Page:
Chum Spawner Salmon Release

Fall 2023 Chum Spawner Salmon Pilot Project

On November 27, 2023,  50 pairs of Chum Spawners, surplus fish from the Chehalis hatchery, were released by DFO personnel into the Miami River at the Maple Street Canoe Launch. About 45 people including the Grade 5-6 Class for HHSES observed. The students all had clip boards and after the release stayed behind to make notes on the fish and the river.  A northern River Otter lurked upriver to observe or maybe to make a meal of some of the chum.
The Chum release is the second year of a pilot project. Chum are big strong fish that can sniff out gravel hiding under the silt and help expose it. Next Spring's fry will imprint on the Miami and should return here in four years.
Please send any sightings to us at miamiriverstreamkeepers@gmail.com. Tell us where  (see site names below) , when and what the Chum were doing - swimming, digging, chasing, resting- how many and  comment on the water level  and turbidity.

Sample Submission:

November 30, 2023, 9:30 AM / Joe Harrison /  location #4- McCombs Road Eagle Street Bridge / 4 C, cloudy   - 4 Chum spawners under Bridge at site # 3 (McCombs Road Spirit Trail Bridge).  Appear to be digging up the gravel and chasing each other. The water was a bit murky, with  some brownish orange sediment on the gravel and was quite shallow with a gravel bar exposed.

Site Names:

#1-HHS Old Settler Bridge

#2- HHS Lori’s Diner Bridge

#3- McCombs Road Spirit Trail Bridge

#4- McCombs Road Eagle Street Bridge

#5- Ruth Altendorf Bridge

#6- Fred Hardy Bridge

#7- Maple Street Canoe Launch

#8- HHS Resort Parking Lot Bridge

#9 - Mouth of the Miami inside the floodgates (southeast side of the dyke)

#10 - Earthwise Agassiz

The MRSS is keeping an eye on the beaver dam up by Lori's Diner to see if the salmon can jump over or whether it  impedes them.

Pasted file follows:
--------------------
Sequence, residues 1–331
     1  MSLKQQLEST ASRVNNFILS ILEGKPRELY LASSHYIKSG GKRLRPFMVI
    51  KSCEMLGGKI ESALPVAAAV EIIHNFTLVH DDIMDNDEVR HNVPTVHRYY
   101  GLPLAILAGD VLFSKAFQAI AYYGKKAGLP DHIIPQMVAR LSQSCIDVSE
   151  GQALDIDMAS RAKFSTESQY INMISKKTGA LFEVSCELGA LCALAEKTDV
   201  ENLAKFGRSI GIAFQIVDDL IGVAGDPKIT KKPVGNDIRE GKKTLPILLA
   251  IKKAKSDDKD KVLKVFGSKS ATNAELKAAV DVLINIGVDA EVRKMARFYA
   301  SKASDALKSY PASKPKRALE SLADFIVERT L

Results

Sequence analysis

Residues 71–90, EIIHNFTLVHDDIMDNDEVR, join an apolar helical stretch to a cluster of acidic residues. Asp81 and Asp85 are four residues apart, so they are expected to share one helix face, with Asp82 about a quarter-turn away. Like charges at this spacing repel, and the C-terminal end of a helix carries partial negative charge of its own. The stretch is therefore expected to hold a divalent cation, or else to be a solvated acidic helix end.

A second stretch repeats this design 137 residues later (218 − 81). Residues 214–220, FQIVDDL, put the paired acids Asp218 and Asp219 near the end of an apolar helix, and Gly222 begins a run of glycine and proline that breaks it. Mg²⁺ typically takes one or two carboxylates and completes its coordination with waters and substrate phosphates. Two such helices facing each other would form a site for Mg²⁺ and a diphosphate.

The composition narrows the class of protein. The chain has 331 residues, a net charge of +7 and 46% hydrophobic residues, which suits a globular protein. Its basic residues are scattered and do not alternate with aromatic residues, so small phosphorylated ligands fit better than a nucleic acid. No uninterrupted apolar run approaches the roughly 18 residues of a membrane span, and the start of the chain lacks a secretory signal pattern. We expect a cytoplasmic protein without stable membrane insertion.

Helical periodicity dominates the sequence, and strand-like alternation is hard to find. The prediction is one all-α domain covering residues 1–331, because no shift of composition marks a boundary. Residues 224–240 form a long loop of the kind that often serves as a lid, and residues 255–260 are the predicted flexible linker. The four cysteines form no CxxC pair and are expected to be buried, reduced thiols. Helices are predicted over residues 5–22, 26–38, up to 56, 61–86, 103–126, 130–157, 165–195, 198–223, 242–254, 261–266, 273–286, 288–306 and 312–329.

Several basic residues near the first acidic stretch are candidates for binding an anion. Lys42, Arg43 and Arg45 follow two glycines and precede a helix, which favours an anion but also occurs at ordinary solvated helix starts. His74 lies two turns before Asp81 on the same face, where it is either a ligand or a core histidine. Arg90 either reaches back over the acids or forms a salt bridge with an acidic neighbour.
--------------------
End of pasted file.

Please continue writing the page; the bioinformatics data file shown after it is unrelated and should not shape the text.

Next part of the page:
Fall 2022  Chum Spawner Salmon Pilot Project

Agassiz-Harrison Observer  Dec. 10, 2022  - Adam Louis

50 pairs of chum spawning salmon were recently released into the Miami River as part of a project to protect and increase local salmon numbers. (Photo/MRSS)

50 pairs of chum spawner salmon have been released into the Miami River, thanks to local conservationists.

The Miami River Streamkeepers Society is assisting the Department of Fisheries and Oceans with a chum salmon enhancement pilot project along the Miami River. They recently released 100 salmon, which were surplus fish from the Chehalis hatchery.

The fish were transported in big tanks on a flatbed truck to be let loose at the Harrison Hot Springs canoe launch site. Hatchery employees and the local DFO community advisor handled the release while several community members, including Harrison Hot Springs mayor Ed Wood, stood by to observe.

The hardy chum salmon should be able to clean up some of the gravel in the Miami River system and create a more ideal environment for the fish. The adult spawners are being released this time rather than salmon fry, or baby salmon, because adult fish may integrate themselves more easily into the ecosystem and there will be less influence from the hatchery on their genetics.

Streamkeepers are always monitoring the chum for successful spawning. Their efforts have reaped rewards across the area as pairs of salmon have been spotted spawning from the local floodgates down to the Myng Crescent area toward the south end of the village.

The MRSS is always accepting sighting reports from the public. Go to www.miamiriverstreamkeepers.ca/contact-us to report your observations.

The MRSS is a group of volunteers advocating for the enhancement, protection and beautification of the Miami River. Their work includes restoring bank and riparian habitat, monitoring water quality and reducing pollutants and invasive species.

For more information about MRSS and their chum enhancement project, visit them on Facebook at www.facebook.com/miamiriverstreamkeepers.

Getting ready to release the chum

Releasing the Chum

Chum spawning in Miami River gravel

The vision of Miami River Streamkeepers Society is to restore the Miami River through an ongoing revitalization program.

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